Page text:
Muscle-toned vigilantes have all the cool tech toys these days. But while we don’t know all the details about the amazing quadcopter in the new Batman movie, The Dark Knight Rises, we do know where filmmakers often look for inspiration: defense contractors. In fact, many of the fantastic creations from the most famous summer movie franchises turn into real gadgets and tech.
Movie Tech: Total Recall‘s Robotaxi
Real Tech: 2GetThere robotaxis used in Masdar City, United Arab Emirates
Remember when Arnold Schwarzenegger climbed into a robotaxi in the original Total Recall? Yes, I’m trying to forget that scene as well, especially since there’s no reason to have an automaton “driving” the vehicle other than comic relief.
Today, if you visit built-from-scratch Masdar City in the United Arab Emirates, you can hop into a real robotaxi. A European company called 2GetThere runs a fleet of 10 autonomous taxis transporting 25,000 people per month. Granted, the drive-by-wire cars follow a prescribed route in a closed city without any other traffic, so they won’t get quite as creative with navigation as a New York City cabbie. But Google and others are trying to bring us a future of true self-driving cars, whether we’re ready for it or not.
Movie Tech: The Avenger’s Holographic Displays
Real Tech: Head-up display on windshields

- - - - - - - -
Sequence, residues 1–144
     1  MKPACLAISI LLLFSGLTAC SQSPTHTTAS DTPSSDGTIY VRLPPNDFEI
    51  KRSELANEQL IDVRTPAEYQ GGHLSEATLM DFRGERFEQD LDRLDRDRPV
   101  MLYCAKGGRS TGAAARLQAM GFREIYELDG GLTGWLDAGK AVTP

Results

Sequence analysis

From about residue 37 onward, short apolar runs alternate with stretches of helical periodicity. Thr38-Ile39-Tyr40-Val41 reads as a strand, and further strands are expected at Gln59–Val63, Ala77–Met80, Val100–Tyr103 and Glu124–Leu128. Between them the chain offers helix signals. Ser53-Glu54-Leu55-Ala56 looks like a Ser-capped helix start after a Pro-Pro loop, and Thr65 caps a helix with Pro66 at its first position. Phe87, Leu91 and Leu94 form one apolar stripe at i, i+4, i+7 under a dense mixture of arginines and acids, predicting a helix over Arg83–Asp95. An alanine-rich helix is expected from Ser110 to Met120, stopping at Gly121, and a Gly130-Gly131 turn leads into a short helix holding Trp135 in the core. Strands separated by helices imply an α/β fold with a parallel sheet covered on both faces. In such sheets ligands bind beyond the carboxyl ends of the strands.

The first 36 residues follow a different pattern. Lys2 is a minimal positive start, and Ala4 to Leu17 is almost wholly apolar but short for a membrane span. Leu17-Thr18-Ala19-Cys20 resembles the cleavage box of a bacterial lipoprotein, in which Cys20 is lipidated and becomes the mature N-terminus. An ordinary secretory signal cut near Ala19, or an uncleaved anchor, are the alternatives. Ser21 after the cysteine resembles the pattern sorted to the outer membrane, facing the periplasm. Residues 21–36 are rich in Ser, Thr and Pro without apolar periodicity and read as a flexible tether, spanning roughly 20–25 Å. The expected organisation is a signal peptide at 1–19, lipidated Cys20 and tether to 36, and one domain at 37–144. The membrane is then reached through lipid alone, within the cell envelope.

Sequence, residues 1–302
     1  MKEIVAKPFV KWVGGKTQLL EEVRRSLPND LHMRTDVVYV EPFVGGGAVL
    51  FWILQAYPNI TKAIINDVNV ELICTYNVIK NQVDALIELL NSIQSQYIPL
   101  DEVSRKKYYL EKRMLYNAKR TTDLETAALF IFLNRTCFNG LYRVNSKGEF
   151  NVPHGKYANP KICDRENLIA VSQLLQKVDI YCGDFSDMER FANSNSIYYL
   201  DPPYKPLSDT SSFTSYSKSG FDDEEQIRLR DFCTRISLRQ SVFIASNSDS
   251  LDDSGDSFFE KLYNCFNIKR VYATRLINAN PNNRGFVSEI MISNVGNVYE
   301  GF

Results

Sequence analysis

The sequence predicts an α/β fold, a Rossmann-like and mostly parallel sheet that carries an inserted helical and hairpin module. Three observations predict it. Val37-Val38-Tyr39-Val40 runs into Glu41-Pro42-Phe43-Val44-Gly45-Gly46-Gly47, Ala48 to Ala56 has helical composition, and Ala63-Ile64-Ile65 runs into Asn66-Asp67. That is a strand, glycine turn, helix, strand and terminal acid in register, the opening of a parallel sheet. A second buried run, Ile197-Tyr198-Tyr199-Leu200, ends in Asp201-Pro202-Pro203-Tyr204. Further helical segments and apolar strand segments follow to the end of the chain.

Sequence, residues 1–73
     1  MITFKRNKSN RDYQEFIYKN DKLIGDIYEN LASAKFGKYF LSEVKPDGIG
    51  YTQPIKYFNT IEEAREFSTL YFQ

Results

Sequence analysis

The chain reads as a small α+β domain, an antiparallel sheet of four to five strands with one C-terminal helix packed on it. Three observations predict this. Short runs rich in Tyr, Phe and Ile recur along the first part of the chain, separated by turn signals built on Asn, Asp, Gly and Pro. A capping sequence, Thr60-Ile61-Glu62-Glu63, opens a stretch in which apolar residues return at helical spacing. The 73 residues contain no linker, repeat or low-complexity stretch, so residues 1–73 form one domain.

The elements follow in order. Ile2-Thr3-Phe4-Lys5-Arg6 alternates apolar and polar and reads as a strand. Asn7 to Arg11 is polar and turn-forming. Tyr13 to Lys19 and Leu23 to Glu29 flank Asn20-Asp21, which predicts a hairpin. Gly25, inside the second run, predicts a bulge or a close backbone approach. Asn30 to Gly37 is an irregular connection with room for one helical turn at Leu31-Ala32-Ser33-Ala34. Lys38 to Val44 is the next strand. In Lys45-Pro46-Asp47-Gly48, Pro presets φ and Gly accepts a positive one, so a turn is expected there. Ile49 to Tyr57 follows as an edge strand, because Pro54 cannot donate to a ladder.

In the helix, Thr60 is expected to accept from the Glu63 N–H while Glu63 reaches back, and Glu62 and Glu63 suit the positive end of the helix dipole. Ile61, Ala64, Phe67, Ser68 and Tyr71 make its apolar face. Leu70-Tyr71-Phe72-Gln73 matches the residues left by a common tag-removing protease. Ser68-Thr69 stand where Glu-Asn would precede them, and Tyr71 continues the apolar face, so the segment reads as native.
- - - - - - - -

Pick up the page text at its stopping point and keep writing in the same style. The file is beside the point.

Throughout The Avengers, Iron Man taps on videos, swipes through screens, and adjusts sliders on his holographic displays. Tech labs around the world are trying to build Tony Stark’s technology, but the closest thing we have in production today is actually the 2012 BMW 3-Series. As you’re driving, you can see your current speed, the posted speed, and an arrow pointing the way for navigation. The display for speed has been around for several years—it’s even in a Buick LaCrosse. GM is experimenting with pop-up displays on the windshield, too, and there’s a pop-up HUD on many modern warplanes. They work by emitting an image at an angle above the dash that you perceive as floating in space.
Movie Tech: Prometheus‘s Real-Time Mapping Orb
Real Tech: Google Street View handheld for local mapping
Prometheus might be a muddle of freshman-level philosophy and stoner big ideas, but at least it has some cool tech. When the ship’s crew reaches the caverns of an ancient alien alcove, they throw a batch of floating orbs that fly through hallways and into rooms, recording everything they see to make a holographic map.
Google Street View might be the closest real-life analogue, with its armada of cars that drive every public roadway to snap panoramic images. The Mountain View search giant even sends out bikes, snowmobiles, and occasionally a portable cart. Street View project is an intense geo-mapping exercise, because the images are tried directly to GPS coordinates, but Google has also mapped the interior of buildings such as Las Vegas casinos.
Movie Tech: Minority Report‘s Face Scanner
Real Tech: Dell XPS 13 Ultrabook